By Dan Moren
December 31, 2017 6:17 PM PT
What I Use: You and your (Vulcan) Logic
Changing habitual memory is a tricky thing. Up until recently, all of my podcast editing was done in GarageBand, but I’ve recently made the jump to Logic Pro X and it’s been an interesting experience. Honestly, however, the transition has been far less fraught than I’d feared.
A large part of that is because of Apple’s move over the last couple years to share more code between GarageBand and Logic Pro. Rightfully, the current version of GarageBand should be called “Logic Basic,” or something similar; Logic Pro looks simply like a slightly more complex and cluttered version of GarageBand. Not to mention that Audio Unit plug-ins you’ve installed for GarageBand are totally compatible with Logic Pro as well. All of that is good for someone like me, who—though a big chunk of my work involves podcasts—is not an audio engineer. I know exactly what I need to do to take raw audio files and turn them into a produced episode and Logic Pro mainly lets me do that without having to spend a ton of time re-learning tools. (With the exception of actually mixing that multitrack project down into a single file—I admit, I had to consult the manual for that one.)
The even more significant impact is that rather than re-learning all my basic skills as I might have had to do had I gone to a totally different application, like Adobe Audition, I can instead spend my mental energy on enhancing my current podcast production workflow. I can focus on the new tools and capabilities that Logic Pro brings to bear to smooth out the most time-consuming parts of my life in GarageBand. So, for example, Logic’s tools for stripping silence or selecting all the audio regions forward in a project (or on a single track), or the ease of inserting chapter markers that can then be read by Forecast. I can even spend a little more time on things that make my life a little easier, like color-coding tracks so I can tell at a glance whose audio I’m looking at.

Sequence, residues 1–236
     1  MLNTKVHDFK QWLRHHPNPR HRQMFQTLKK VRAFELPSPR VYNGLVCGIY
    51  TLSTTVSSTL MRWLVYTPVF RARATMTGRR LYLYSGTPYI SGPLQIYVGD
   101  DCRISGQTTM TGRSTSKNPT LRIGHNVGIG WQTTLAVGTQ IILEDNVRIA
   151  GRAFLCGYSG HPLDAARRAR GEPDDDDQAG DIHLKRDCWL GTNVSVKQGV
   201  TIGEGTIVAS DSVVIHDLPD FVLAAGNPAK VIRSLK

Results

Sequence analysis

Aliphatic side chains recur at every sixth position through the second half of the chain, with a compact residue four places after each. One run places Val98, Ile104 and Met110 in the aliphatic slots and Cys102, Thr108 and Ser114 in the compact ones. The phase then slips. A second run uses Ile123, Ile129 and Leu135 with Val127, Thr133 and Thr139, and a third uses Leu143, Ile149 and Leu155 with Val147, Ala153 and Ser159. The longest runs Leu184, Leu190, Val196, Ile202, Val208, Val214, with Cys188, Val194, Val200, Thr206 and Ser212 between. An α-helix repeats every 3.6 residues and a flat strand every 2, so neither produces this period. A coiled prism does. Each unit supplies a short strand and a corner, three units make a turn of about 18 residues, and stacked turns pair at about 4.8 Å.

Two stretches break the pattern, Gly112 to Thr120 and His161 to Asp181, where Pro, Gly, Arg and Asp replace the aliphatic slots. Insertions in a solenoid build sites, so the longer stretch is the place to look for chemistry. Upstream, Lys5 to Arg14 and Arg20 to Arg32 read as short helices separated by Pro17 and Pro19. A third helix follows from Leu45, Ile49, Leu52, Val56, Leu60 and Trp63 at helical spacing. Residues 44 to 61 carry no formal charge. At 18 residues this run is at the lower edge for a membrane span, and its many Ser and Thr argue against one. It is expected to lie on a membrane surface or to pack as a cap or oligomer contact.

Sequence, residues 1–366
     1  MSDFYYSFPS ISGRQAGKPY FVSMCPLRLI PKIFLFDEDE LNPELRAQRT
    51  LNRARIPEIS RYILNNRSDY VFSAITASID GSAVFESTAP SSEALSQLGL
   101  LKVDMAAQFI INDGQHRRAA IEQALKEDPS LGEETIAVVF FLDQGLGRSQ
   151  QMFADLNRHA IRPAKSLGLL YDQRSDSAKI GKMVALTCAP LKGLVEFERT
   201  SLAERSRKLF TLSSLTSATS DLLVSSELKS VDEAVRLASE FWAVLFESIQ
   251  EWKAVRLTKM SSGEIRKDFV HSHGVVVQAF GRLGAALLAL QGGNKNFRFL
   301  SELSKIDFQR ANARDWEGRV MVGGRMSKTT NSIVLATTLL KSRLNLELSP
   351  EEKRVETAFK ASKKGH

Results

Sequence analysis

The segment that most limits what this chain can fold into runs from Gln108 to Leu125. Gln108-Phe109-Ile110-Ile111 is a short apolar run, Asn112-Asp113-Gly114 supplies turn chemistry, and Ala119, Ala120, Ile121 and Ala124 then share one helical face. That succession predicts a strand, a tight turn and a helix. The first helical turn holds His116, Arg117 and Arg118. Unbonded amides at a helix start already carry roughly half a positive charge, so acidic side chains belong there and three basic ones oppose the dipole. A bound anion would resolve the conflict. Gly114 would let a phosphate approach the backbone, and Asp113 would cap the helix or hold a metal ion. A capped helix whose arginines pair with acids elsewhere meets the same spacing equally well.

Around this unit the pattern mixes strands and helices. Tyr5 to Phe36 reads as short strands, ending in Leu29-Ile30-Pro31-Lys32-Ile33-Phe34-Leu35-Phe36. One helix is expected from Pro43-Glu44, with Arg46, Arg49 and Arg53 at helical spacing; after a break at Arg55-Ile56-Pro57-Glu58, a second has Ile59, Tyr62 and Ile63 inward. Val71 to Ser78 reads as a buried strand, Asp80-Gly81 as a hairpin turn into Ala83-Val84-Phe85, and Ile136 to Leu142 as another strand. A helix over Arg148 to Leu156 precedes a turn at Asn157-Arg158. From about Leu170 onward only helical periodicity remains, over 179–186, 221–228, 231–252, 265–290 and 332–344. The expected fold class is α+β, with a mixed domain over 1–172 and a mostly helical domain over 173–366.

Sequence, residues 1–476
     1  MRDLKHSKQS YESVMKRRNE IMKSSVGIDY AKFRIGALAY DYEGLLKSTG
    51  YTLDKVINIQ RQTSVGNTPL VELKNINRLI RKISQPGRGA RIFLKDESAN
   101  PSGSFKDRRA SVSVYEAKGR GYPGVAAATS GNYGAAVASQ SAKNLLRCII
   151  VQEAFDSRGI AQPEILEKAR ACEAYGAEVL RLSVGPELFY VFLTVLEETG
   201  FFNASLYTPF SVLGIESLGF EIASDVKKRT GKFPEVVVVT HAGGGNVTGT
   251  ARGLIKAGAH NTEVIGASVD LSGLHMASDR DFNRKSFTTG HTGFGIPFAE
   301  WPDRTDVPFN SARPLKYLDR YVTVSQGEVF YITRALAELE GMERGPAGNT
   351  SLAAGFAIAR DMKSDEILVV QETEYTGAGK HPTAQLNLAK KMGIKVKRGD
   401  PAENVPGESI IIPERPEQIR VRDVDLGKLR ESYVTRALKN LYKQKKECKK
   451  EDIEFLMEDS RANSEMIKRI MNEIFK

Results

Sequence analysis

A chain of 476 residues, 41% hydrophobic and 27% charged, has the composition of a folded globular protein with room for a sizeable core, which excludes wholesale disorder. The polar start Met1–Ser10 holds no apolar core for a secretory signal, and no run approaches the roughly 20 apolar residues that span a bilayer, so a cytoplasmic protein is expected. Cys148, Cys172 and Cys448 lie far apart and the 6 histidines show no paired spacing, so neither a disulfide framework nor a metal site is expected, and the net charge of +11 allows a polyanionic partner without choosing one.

None of this is super envelope-pushing stuff, to be sure, but all of it contributes to making my life a bit easier. And no, I still don’t use a fraction of the full power of Logic Pro, not least of which is because so much of it is still aimed at editing music. (Skimming through Brett Terpestra’s excellent list of Logic features for podcasters, I only use even a few of those!) In truth, I could likely get by with a Logic Basic or a GarageBand Pro, an app that’s somewhere between the two that are available now. If you’ve never used Logic before, the app does try to ease you in by hiding away a bunch of the more advanced features upon your first use, but many of the features I was there to use were squirreled away in that case, so I had to jump into the deep end.
I understand it’s not necessarily feasible for Apple to invest its time in developing a third audio-editing program to fit between GarageBand and Logic, but it would be cool if the company created “packs” of features that could be accessed via in-app purchase, à la Ferrite on iOS. I’d gladly pay a solid chunk of money for a “Podcast Pack” set of features for GarageBand that would add in some of those useful missing tools, along with perhaps some built-in export options for popular podcasting-hosting services. Maybe that would mean more lost sales for Logic, but it’s hardly a program that has wide consumer appeal as it is. As it is, a part of me yearns for the uncluttered elegance of GarageBand (and no, that’s not a phrase I ever thought I’d be saying).
Then again, perhaps a year from now after I’ve fully adjusted to Logic, I’ll never want to go back to anything else—I mean, if it’s good enough for Spock, it’s good enough for me.
[Dan Moren is the East Coast Bureau Chief of Six Colors. You can find him on Mastodon at @firstname.lastname@example.org or reach him by email at email@example.com. His latest novel, the supernatural detective story All Souls Lost, is out now.]